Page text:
Lazzez has found himself rocketing to the moon as a result of the pandemic. Hidden away in the shadows of regional Middle East MMA, Lazzez accepted a last-minute call-up to face the terrifying power of Abdul Razak Alhassan. Expected to be a one-round victim of brutal cerebral violence, Lazzez instead maintained a smart out-fighting striking clinic that lasted until the final bell. On the feet, there is no denying that Lazzez can handle himself. Unfortunately, the Tunisian’s ground game will be his downfall in the big league.

Predicted Result: Lazzez Decision 

This is a far closer fight than people are giving it credit. Alves may have regularly disappointed over the past five years, yet his wrestling chops are primed to test the promotional youngster. Lazzez’s range and ability to adhere to a gameplan could leave Alves unable to close the distance necessary for a takedown.

Lazzez launches himself into a flying knee against the fearsome power puncher, Alhassan.

Result: Alves def. Lazzez // TKO (body kicks and punches) Round 1 2:35

Winner ❌ // Method ❌ // Round ❌


Main Card

Light Heavyweight (205)

Ike Villanueva (16-11) vs Vinicius Moreira (9-4)

Okay. Let us be honest. If this is the the quality of fight to find itself on the main card, then there is little point to dig deep. Villanueva entered the UFC as a blob at Heavyweight and was overpowered by physically fitter, larger men. Dropping down in weight to Light Heavyweight, Villanueva was overawed by the speed and technique of the lighter men. Chase Sherman (HW) and Jordan Wright (LHW) are nowhere near even ‘mid-level’ quality UFC opposition, yet Villanueva looked lost in both fights. The man does own a good chin, and the eye for a counter shot, yet his strikingly poor physical attributes leaves him unable to gain a foothold against opponents. On the mat… good Lord.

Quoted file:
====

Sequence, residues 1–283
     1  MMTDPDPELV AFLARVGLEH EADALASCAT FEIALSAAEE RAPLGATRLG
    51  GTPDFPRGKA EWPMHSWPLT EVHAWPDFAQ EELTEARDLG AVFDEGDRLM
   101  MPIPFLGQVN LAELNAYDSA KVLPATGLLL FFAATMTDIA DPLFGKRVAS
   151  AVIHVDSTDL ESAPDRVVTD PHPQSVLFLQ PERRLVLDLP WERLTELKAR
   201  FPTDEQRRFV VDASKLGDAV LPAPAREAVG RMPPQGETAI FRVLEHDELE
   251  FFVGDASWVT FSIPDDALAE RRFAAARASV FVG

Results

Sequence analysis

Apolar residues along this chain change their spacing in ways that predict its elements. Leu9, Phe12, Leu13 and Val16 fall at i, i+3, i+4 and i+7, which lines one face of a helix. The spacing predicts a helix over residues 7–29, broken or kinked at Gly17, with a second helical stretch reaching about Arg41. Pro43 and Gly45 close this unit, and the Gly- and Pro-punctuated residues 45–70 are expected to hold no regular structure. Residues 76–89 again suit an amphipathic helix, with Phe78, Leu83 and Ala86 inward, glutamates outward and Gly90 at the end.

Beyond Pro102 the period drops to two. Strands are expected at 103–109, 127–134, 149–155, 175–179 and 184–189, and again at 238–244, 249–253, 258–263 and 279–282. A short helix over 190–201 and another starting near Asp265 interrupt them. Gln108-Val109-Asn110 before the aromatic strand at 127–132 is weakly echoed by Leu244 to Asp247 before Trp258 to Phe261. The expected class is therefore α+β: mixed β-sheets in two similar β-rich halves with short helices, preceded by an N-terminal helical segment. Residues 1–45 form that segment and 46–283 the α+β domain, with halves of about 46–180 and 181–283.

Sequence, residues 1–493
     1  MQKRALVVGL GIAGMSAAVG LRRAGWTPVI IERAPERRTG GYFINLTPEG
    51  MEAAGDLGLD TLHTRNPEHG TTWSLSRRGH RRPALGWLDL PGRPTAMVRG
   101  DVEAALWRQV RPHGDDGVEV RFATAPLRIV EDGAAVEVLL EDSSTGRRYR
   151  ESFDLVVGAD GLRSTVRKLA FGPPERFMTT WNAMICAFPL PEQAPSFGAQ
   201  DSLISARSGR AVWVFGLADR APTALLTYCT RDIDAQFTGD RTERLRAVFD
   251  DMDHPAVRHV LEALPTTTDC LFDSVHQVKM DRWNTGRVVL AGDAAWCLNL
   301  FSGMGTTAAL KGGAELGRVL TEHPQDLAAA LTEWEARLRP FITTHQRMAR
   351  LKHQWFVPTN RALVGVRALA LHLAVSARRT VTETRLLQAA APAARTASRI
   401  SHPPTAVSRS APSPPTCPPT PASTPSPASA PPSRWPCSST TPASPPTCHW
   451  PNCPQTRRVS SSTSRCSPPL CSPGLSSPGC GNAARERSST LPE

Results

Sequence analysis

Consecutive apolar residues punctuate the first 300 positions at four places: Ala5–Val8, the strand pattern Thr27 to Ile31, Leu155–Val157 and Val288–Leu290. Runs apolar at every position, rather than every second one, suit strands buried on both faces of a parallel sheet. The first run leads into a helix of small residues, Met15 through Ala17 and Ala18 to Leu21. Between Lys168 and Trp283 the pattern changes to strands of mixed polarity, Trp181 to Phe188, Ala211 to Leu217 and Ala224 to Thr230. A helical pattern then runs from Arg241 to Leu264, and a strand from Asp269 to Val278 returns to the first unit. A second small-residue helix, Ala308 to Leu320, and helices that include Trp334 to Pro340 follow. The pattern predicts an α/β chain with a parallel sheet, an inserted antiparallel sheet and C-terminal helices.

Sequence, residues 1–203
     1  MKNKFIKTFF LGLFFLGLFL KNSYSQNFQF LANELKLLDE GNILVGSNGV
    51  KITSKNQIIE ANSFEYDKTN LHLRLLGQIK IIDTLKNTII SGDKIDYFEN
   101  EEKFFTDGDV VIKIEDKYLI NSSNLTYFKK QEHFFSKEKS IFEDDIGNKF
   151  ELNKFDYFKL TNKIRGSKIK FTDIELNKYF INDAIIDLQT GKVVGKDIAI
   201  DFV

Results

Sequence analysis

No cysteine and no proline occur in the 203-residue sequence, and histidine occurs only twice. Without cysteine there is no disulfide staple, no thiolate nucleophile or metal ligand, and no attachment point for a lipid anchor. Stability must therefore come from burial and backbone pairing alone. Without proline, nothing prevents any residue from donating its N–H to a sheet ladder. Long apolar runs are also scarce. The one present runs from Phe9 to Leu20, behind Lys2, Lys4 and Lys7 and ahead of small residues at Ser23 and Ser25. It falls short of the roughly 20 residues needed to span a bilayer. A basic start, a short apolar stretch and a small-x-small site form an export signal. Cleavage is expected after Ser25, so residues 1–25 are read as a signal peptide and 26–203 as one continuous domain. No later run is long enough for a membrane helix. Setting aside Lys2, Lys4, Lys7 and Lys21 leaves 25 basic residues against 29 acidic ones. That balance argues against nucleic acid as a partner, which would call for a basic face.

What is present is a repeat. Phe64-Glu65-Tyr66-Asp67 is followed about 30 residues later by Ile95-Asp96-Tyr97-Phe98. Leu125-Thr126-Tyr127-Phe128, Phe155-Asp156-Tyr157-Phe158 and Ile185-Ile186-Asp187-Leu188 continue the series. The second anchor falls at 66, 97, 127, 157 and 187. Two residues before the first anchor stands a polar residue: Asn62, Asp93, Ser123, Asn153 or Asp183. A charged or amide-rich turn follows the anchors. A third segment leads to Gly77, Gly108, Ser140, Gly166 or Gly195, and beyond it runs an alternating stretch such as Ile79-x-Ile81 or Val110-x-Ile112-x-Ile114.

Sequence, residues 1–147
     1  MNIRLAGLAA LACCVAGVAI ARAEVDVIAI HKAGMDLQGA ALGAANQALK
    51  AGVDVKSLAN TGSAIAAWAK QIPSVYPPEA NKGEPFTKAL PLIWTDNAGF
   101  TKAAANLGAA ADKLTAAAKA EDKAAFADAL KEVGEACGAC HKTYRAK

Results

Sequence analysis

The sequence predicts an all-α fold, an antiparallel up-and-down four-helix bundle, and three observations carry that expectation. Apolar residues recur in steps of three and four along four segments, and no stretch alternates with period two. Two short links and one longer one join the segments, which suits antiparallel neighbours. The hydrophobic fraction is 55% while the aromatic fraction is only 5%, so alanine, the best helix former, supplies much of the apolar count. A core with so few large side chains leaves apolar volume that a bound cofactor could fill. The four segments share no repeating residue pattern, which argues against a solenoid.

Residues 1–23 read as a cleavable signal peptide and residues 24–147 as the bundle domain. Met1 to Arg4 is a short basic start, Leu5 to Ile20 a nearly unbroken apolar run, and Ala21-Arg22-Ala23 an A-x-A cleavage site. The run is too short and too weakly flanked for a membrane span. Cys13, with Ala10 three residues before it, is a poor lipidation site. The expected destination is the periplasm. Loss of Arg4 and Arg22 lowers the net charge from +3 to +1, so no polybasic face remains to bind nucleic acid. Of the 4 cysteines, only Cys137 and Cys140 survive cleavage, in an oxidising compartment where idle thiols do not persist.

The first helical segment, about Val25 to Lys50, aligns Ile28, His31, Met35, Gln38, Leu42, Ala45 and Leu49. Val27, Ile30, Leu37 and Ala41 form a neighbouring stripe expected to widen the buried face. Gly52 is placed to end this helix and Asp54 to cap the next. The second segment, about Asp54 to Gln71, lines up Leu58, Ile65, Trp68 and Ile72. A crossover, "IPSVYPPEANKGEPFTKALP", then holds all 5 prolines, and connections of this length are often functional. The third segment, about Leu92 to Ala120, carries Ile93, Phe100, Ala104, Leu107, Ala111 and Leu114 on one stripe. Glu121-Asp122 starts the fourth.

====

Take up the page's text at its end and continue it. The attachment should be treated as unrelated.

Moriera, a man on a three fight skid, has found himself unable to leave the first round since 2018. It is incredibly apparent to all that the UFC has handed Moriera a softball and given him one last opportunity to save his UFC career. Although lacking the quality to beat Scottish gatekeeper, Paul Craig, Moriera has more than enough grappling/submission quality to find the choke on Villanueva.

Predicted Result: Moriera Submission Round 1